United Nations: Calling the UN Security Council an "anachronism," Indian Parliament speaker Sumitra Mahajan has urged the international community to take early action to reform it in order to shore up the legitimacy of the world body itself.
"The Security Council is, undoubtedly, one of the most important institutions of global governance," Mahajan, speaker of the Lok Sabha, the lower house of parliament, stated. "If its legitimacy is in doubt, then so would be the legitimacy of the United Nations. And, in fact, of the notion of global governance itself."
Lok Sabha Speaker Sumitra Mahajan
She was speaking Tuesday at a session of the Preparatory Committee for the Fourth World Conference of Speakers of Parliaments on the subject of key challenges to world peace and democracy.
She pointed out that the Council's composition was based on UN's structure in 1945 and she asked in a series of rhetorical questions to drive her point home, "Is that composition still representative of the international community? The United Nations then had 51 members. The figure now is 193."
At the founding of the UN, there were only three African members, including South African apartheid regime, Mahajan pointed out. "Today it has 54," she said. "How many permanent members of the Security Council are from Africa?"
After a briefing by Liechtenstein Amabassador Christian Wenaweser on the work of the Accountability, Coherence and Transparency Group, which brings together 22 nations working on UN reform, Mahajan said she would like to know what it proposes to do to "bring more legitimacy to the the permanent membership of the Council."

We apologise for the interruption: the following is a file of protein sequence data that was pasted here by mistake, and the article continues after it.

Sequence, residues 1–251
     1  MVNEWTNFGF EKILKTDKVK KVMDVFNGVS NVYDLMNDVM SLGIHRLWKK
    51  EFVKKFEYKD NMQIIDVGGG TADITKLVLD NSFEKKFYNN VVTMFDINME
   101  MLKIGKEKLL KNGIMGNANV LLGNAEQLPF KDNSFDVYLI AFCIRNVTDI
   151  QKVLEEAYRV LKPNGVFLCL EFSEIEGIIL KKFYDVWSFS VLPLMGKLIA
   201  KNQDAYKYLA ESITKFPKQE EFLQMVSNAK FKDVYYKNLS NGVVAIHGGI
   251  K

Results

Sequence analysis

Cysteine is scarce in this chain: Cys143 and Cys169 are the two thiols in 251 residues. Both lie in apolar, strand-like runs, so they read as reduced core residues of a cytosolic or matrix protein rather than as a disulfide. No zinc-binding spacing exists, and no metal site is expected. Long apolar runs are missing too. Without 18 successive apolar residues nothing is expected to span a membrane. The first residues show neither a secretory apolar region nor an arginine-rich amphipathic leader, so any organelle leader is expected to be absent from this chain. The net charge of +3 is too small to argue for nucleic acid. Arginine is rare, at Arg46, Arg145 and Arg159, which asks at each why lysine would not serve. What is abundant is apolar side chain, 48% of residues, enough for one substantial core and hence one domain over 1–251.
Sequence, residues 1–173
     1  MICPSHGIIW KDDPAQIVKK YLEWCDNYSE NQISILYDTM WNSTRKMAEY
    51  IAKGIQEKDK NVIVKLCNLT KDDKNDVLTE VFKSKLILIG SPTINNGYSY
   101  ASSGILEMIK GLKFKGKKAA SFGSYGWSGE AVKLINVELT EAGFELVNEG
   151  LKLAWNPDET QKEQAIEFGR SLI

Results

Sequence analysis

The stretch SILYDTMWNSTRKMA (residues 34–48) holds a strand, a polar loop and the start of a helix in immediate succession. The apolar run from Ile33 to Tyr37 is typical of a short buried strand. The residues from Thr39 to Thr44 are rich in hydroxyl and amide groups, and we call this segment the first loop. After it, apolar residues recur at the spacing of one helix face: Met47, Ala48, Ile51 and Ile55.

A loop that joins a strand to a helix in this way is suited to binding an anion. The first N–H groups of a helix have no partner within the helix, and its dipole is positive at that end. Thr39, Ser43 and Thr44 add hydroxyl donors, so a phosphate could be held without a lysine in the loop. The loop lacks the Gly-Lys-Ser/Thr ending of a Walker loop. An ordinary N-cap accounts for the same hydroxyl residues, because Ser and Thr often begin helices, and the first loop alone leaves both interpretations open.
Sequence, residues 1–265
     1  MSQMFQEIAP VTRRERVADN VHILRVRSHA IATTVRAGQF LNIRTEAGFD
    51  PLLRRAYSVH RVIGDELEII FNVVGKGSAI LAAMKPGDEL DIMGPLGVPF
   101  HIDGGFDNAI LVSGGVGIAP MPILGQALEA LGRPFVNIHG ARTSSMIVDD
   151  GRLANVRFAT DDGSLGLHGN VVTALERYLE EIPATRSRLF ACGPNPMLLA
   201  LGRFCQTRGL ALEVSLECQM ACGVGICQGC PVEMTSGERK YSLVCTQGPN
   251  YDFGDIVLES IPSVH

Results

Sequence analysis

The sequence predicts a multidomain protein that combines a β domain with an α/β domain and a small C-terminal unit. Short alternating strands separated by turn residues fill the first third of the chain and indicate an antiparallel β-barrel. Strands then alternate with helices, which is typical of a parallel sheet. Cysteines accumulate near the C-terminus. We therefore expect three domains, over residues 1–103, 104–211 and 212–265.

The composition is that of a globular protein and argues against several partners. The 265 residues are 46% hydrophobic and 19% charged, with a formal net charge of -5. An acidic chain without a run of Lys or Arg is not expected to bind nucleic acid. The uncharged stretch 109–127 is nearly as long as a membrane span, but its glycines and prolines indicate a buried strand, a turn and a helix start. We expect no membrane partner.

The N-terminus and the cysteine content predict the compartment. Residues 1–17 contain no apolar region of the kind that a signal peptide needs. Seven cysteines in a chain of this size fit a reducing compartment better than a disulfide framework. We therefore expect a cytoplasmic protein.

Pressing the case for changing the composition of the Council, she asked, "While improvement in working methods, or a code of conduct on use of the veto, are important, can they substitute for reform of the composition? Can improvement in working methods legitimize a structure that is not legitimate? To say that is anachronistic is only an understatement."
In 2010 during the 65th Anniversary of the United Nations, world leaders had committed themselves to the early reform of the Council. She asked, "When would early be?"
Although the membership of the Council was increased from 11 to 15 in 1965 with addition of four elected members, permanent membership continues to be restricted to the original five who wield veto powers. In any expansion of the permanent membership, India, Germany, Brazil, Japan and an African nation would be the top contenders.
At another session of the committee, Mahajan suggested they adopt "Democratic Governance and Sustainable Development: Role of Parliament" as the theme for the speakers' conference to be held next year in the run-up to the summit of world leaders at UN's 70th anniversary.
She said stressing the linkage between democratic governance and sustainable development and defining the role of Parliaments in helping achieve the goals would further the goals of the Inter-Parliamentary Union, which in convening the speakers' conference.